The countdown to the World Climate Summit (COP21) has begun. In view of the UN conference – to be held in Paris from November 30th to December 11th – the 11 leading international power companies (including Enel) participating in the Global Sustainable Electricity Partnership (Gsep) published an open letter. The letter is the result of a two-year consultation process, which led to the report Powering Innovation for a Sustainable future, prepared in collaboration with participating companies and a panel of experts who analysed the evolution of the energy sector in the US, China, Japan, Brazil and India.
Enel CEO Francesco Starace has often underlined the importance of a “sustainable future”. In late September, during his speech at the United Nations Private Sector Forum 2015, he explained that the development of new technologies goes hand in hand with placing sustainability at the heart of corporate culture: "Our role as a utility is to be flexible and favour this change, integrating innovation into our production processes."
In view of the Paris conference, the 11 Gsep companies (Enel, American Electric Power, Edf, Eletrobras, EuroSibEnergo, RusHydro, Hydro- Québec, Iberdrola, Kansai Electric, RWE, and State Grid Corporation of China) are urging policy makers attending the Cop 21 to adopt four core principles:
- secure, stable, clear and consistent long-term policies that address critically important energy, legal/regulatory economic, financial and environmental matters
- a systemic approach which takes into account the interrelations and synergies between the various elements of the electricity value chain, enabling power companies to plan new technological systems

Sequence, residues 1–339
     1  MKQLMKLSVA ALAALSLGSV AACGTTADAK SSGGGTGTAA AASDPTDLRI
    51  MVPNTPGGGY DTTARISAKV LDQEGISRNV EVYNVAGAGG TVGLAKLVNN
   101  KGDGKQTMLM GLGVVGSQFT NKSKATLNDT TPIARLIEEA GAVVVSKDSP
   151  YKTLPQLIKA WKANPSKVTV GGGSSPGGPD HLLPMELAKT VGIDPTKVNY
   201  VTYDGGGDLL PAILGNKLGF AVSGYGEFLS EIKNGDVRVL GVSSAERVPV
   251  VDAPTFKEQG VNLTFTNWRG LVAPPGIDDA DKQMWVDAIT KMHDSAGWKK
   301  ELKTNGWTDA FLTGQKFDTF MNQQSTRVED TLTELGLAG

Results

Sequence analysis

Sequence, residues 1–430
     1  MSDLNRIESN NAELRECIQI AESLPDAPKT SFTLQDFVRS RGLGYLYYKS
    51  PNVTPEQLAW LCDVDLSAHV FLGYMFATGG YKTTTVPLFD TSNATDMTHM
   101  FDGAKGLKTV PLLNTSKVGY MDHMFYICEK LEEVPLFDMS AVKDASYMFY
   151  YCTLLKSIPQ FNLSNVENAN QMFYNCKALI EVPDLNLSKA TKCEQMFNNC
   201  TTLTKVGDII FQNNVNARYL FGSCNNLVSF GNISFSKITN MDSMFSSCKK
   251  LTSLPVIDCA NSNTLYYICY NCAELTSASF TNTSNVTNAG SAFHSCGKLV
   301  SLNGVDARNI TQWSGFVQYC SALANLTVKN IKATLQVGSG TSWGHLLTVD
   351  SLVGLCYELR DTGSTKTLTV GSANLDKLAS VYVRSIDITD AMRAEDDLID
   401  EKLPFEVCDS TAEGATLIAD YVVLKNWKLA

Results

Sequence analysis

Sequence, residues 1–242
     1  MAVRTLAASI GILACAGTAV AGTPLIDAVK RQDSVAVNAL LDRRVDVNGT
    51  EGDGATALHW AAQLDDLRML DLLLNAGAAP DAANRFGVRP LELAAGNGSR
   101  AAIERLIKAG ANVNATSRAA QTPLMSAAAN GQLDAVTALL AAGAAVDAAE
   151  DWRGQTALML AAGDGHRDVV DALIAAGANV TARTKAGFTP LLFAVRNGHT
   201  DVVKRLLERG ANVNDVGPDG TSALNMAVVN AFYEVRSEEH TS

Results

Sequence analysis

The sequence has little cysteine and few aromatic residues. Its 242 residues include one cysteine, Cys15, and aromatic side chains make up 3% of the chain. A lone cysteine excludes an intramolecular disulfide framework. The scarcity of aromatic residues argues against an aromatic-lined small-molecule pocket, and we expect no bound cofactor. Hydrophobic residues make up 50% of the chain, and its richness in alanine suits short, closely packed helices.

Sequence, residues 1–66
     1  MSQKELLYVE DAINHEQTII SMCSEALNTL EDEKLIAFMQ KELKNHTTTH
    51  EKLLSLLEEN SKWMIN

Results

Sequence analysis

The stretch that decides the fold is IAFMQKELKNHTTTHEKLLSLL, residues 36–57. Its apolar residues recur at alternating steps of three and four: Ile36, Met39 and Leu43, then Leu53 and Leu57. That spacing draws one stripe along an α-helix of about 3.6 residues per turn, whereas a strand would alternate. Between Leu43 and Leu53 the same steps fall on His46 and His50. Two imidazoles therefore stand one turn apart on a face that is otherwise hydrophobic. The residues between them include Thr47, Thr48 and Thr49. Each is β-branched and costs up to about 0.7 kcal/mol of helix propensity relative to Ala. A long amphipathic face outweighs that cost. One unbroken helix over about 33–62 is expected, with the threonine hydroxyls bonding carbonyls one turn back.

- the promotion of public-private partnerships that facilitate decision making among electricity providers, Government representatives and stakeholders
- commitment to innovative research, development and demonstrations of advanced economically viable and sustainable technologies that are able to reduce greenhouse gas emissions and accelerate the efficient generation, distribution and end-use of electricity
The 11 utilities embrace the idea that electricity plays a central role in the fight against climate change. The position paper – which stresses the need for an increased awareness among industries on the risks and opportunities of climate change – not only highlights the urgency to take action, but also offers a detailed account on the need for innovative generation, transport and distribution technologies, as well as an efficient use of electricity.
Concerning decarbonisation for example, a wide range of "low carbon" technologies are already available, capable of activating a low carbon electricity approach, contributing not only in terms of progress, but also offering a key solution to reducing "greenhouse" emissions in sectors outside the energy industry. The report not only highlights the importance of distributed generation (which is considered to be the fastest and most efficient way to provide electricity in villages and remote areas of the world), but also pays particular attention to growing water scarcity: a phenomena that is likely to further increase with the growth of the world’s population and the resulting demand for food, which in turn will require a greater amount of water and energy.